Since 1967, the Toronto Maple Leafs have been looking for answers on how to get their hands back on hockey’s holy grail. They’ve rebuilt, hired general manager after general manager and have made all kinds of trades trying to find that secret recipe to success.
Some moves have worked out in their favour while others are looked back on surrounded by more questions than answers. While some may have their own opinions on the trades made by the organization over the years, we delve a little deeper in looking at and analyzing what came of these players following these deals.
Related: Glenn Anderson Trade Revisited
With that, let’s head back to Nov. 24, 2008, when the Maple Leafs traded an eventual Stanley Cup winner for some bottom-six help that wouldn’t last long in the blue and white.
Blues Singing With Addition of Steen, Colaiacovo
It seemed like a relatively simple trade back in Nov. 2008. The Maple Leafs were set on acquiring Lee Stempniak from the St. Louis Blues, but it came at a cost – one that wasn’t so obvious at the time of the deal.
To acquire Stempniak, the Maple Leafs parted ways with defenceman Carlo Colaiacovo and forward Alexander Steen – both of which were first-round draft picks of the Maple Leafs.
Colaiacovo was the 17th overall pick for the Maple Leafs in the 2001 NHL Draft. A Toronto native, Colaiacovo scattered 111 regular season games over six seasons with the Maple Leafs before being shipped to St. Louis. His most productive season for Toronto came in 2006-07 when he tallied eight goals and 17 points in 48 games for the team, but he was never really given the opportunity.
Following the move he spent the majority of his NHL career in St. Louis, wracking up 19 goals and 110 points in 284 regular season games. He has stops in Detroit, Philadelphia and Buffalo, and finished his NHL career in 2015-16, playing just 36 games for the Sabres.
While he was more of a second to third-pairing defenceman over his career, he did manage 157 points over a 470-game career that spanned 13 seasons.
But he wouldn’t prove to be the key component in this deal. Rather it was Steen, the Maple Leafs’ 24th overall pick in the 2002 NHL Draft, that would become a core piece in the Blues’ lineup for years to come following the deal.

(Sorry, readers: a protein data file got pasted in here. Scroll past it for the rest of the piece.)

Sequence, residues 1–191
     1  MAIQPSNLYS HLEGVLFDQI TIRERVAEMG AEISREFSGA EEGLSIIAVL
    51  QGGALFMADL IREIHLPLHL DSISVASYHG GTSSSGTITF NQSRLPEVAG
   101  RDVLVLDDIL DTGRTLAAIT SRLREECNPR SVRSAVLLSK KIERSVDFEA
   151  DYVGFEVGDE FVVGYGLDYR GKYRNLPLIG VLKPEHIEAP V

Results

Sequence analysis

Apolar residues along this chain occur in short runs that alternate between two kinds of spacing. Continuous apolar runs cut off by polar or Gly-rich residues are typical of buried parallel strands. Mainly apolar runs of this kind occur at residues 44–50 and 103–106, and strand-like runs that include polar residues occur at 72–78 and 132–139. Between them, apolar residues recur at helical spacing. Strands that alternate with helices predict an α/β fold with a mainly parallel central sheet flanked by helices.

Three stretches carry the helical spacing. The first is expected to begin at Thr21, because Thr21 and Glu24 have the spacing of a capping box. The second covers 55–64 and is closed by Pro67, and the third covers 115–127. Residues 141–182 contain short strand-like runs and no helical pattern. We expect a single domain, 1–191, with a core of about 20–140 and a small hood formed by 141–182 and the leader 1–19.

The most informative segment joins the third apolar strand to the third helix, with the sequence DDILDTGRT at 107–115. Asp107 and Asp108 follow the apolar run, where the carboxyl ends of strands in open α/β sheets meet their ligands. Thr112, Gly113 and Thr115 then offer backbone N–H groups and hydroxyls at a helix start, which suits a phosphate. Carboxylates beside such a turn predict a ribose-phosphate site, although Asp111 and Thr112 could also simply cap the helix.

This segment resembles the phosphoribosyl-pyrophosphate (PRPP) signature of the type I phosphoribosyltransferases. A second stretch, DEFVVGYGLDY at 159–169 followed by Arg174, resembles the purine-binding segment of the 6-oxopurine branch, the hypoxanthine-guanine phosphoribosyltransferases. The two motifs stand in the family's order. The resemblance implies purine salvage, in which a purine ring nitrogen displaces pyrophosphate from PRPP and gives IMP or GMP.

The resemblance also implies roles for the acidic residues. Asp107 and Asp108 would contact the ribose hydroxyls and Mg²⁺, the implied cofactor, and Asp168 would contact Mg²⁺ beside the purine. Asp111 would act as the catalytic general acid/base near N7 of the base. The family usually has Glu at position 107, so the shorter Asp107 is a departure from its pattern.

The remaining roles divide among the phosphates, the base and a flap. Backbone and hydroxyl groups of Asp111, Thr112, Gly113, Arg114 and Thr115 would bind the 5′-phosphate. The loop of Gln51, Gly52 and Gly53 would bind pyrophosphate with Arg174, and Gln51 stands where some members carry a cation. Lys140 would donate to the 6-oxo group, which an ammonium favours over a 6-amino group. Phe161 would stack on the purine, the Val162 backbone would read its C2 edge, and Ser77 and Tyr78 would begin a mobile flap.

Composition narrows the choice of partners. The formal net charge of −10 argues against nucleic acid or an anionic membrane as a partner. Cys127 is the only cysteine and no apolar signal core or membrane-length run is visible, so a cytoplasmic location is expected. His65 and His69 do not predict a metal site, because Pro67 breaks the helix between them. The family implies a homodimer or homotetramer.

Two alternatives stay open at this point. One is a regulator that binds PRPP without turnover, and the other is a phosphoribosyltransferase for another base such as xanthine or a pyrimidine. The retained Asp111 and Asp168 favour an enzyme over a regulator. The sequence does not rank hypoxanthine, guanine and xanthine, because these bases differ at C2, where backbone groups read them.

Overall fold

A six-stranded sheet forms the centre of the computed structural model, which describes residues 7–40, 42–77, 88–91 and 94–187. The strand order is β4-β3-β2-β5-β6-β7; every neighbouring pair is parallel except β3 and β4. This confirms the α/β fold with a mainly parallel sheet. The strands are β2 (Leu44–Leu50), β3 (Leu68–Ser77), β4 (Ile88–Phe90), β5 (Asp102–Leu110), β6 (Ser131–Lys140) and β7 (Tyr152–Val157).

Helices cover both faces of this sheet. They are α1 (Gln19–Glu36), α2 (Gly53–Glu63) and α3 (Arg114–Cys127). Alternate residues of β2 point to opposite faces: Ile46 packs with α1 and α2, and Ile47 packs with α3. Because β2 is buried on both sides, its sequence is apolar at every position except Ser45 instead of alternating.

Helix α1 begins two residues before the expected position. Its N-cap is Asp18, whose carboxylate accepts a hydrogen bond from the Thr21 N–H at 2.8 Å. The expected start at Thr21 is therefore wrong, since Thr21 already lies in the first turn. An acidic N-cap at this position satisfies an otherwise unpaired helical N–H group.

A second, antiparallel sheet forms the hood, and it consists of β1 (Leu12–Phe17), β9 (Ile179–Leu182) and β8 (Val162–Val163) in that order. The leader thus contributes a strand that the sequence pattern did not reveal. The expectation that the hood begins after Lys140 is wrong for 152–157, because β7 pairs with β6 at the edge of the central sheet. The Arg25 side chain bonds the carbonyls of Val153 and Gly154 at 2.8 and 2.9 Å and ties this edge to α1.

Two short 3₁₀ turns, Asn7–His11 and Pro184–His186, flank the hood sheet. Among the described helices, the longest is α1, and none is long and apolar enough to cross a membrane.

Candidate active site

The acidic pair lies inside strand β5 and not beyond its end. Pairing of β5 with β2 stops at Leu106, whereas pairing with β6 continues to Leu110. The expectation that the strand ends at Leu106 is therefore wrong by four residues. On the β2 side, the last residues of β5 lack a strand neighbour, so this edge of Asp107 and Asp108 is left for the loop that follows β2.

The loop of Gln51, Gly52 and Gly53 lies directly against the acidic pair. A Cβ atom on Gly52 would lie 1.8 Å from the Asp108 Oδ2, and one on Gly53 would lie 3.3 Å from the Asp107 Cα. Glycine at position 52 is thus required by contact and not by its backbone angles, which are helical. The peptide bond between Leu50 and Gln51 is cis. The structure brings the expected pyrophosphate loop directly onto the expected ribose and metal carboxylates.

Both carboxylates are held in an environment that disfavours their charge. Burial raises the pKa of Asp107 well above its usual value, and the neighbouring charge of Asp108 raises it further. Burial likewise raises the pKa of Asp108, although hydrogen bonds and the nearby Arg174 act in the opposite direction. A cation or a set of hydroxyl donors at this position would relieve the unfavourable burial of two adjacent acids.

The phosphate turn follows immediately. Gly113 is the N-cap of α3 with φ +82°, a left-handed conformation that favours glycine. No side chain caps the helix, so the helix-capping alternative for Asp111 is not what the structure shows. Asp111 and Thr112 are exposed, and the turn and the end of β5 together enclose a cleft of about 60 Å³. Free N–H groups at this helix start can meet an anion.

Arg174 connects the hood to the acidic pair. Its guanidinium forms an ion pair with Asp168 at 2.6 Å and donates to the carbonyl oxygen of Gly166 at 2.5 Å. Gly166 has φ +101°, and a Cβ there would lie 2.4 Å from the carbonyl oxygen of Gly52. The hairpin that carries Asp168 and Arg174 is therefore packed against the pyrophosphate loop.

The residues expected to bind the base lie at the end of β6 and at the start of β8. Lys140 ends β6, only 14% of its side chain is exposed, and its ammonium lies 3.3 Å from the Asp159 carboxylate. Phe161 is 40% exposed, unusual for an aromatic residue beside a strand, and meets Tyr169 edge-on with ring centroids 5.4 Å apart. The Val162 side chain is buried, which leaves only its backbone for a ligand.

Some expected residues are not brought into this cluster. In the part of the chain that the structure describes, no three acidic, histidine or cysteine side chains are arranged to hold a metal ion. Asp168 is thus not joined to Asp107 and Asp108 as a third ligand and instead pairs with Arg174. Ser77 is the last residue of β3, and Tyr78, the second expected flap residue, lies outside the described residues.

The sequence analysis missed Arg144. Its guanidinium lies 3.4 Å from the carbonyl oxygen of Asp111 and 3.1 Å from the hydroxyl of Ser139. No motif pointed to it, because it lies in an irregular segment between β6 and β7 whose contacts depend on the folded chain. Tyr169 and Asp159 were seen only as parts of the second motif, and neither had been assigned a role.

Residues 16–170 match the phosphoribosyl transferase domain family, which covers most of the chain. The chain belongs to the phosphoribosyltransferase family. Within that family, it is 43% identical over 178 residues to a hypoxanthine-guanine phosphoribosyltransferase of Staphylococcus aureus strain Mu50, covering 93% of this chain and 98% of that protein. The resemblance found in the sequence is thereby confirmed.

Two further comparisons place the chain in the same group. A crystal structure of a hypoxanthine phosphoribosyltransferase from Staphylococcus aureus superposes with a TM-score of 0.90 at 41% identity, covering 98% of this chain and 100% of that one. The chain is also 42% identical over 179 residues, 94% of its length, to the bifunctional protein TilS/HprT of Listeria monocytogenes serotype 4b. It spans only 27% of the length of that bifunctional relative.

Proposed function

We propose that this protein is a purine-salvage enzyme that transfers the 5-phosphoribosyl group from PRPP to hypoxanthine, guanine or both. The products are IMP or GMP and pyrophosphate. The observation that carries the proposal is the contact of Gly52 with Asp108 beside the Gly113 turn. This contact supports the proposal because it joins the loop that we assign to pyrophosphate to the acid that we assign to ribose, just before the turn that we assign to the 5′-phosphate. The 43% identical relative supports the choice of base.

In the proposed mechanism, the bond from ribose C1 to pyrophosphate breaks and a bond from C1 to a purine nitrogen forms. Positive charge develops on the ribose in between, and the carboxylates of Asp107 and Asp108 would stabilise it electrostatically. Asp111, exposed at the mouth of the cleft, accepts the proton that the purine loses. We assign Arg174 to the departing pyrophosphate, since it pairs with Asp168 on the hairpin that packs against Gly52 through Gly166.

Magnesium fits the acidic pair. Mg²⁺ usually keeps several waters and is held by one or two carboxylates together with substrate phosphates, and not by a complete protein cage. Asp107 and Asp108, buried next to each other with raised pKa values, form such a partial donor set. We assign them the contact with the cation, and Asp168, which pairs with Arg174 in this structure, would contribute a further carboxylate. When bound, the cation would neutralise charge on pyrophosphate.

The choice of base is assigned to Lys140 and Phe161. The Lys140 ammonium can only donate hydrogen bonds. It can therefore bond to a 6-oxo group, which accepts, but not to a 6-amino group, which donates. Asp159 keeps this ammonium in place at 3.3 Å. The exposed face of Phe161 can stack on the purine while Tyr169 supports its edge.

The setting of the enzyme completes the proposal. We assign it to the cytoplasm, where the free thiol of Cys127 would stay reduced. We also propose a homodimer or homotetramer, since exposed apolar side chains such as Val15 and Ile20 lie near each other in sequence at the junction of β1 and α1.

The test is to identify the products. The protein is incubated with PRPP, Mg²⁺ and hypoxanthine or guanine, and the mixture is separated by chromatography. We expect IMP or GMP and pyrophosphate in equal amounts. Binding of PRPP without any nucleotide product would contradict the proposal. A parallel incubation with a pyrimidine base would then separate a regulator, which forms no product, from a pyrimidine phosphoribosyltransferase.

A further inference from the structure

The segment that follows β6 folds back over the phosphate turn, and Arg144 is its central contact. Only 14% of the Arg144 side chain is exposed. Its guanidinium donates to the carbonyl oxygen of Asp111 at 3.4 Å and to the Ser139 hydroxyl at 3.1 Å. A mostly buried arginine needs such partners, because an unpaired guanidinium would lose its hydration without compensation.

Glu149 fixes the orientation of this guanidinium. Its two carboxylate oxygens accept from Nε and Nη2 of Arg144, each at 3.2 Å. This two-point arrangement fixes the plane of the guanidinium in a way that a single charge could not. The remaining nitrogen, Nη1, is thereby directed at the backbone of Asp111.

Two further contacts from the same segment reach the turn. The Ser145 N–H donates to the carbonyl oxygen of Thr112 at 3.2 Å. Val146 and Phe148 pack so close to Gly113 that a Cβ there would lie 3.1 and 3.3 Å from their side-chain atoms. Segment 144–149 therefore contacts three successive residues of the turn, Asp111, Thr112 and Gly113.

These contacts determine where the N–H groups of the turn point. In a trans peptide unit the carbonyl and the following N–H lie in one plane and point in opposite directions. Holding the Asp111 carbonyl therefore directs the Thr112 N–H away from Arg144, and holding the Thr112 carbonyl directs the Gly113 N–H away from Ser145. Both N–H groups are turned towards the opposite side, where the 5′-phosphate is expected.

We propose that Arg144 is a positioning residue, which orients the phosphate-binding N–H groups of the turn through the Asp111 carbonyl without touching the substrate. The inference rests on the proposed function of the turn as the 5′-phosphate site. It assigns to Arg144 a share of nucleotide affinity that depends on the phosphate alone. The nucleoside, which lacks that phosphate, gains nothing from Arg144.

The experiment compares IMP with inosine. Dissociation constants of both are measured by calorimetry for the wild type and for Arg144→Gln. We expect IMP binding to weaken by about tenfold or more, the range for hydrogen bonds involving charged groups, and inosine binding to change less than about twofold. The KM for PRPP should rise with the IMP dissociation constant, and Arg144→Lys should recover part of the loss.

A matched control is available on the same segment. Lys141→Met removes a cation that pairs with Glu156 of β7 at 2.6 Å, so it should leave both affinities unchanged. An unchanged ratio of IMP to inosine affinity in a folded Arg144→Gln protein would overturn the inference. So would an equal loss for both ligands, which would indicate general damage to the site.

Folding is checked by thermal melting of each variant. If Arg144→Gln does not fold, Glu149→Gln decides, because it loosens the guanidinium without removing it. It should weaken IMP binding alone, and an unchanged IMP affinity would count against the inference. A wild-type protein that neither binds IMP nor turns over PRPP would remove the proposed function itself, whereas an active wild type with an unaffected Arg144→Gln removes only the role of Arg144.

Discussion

Prior to being traded, Steen spent parts of four seasons with the Maple Leafs. He made his debut in 2005-06 as a 21-year-old and tallied 18 goals and 45 points in 75 games as a rookie. That was his best season with the Maple Leafs, finishing with 35 points and 42 points, respectively, over the next two seasons.
The Maple Leafs moved the center after 20 games of the 2008-09 season in which he had two goals and four points and he went on to tally another 24 points in 61 games for the Blues. Since then, Steen has gone on to notch 188 goals and 479 points in 710 regular season games in St. Louis.
He’s been a key core piece for the Blues over the past 10 seasons, helping the Blues to eight postseason appearances in his time there, including a Stanley Cup win in 2018-19 which was the first in franchise history.
As for the Maple Leafs, the team didn’t exactly get the return they would’ve liked in Stempniak.
Maple Leafs’ Weak Return
He was coming off two seasons of playing 80-plus games. He tallied 27 goals and 52 points in 82 games in 2006-07 as a 23-year-old and followed that up with 13 goals and 38 points in 80 games. Then came the trade to Toronto.
Through 14 games in 2008-09 he had three goals and 13 points. The move to Toronto gave him another 61 regular season games and Stempniak finished with 14 goals and 44 points that season. It’s not awful considering he was averaging just over 16 minutes of ice-time that season.
But he didn’t last much longer in Toronto. He started the 2009-10 season by playing 62 games for the Maple Leafs with 14 goals and 30 points before the team shipped him off to the Coyotes for the remainder of the season.
That was it for his career in Toronto. He played throughout the lineup, but saw most of his ice-time on the bottom six for the team.
Any Clear Winners?
Of course there was – the St. Louis Blues. There no way the Maple Leafs could’ve known the kind of impact that Steen would have with the Blues as his career continued and no way that they could’ve seen the type of player that Stempniak would’ve turned into, but in trades there is often hindsight.
In this one the Maple Leafs lost out on a leader of sorts – a player that continues to have a respectable career with the Blues in Steen. Colaiacovo had his moments, but wouldn’t have been a major impact player for either club, while the Maple Leafs got to enjoy the services of Stempniak for just over a season. Even then, he wasn’t the same type of player that Steen turned into.
Either way, the winner of this trade is the Blues and Steen, himself. Steen has gone on to put up some impressive numbers for a team that made him a key component on a winning franchise. On top of all of that, Steen now has a Stanley Cup to his name and brought the holy grail to St. Louis for the first time.
Andrew is in his 8th year reporting for The Hockey Writers covering the Toronto Maple Leafs. He began his broadcasting with CBC’s Hockey Night in Canada team as well as being part of their coverage of the 2014 Winter Olympic Games in Sochi. He’s the former play-by-play voice of the London Jr. Knights for Rogers TV and currently hosts the Sticks in the 6ix podcast. You can follow him on Twitter at @AndrewGForbes.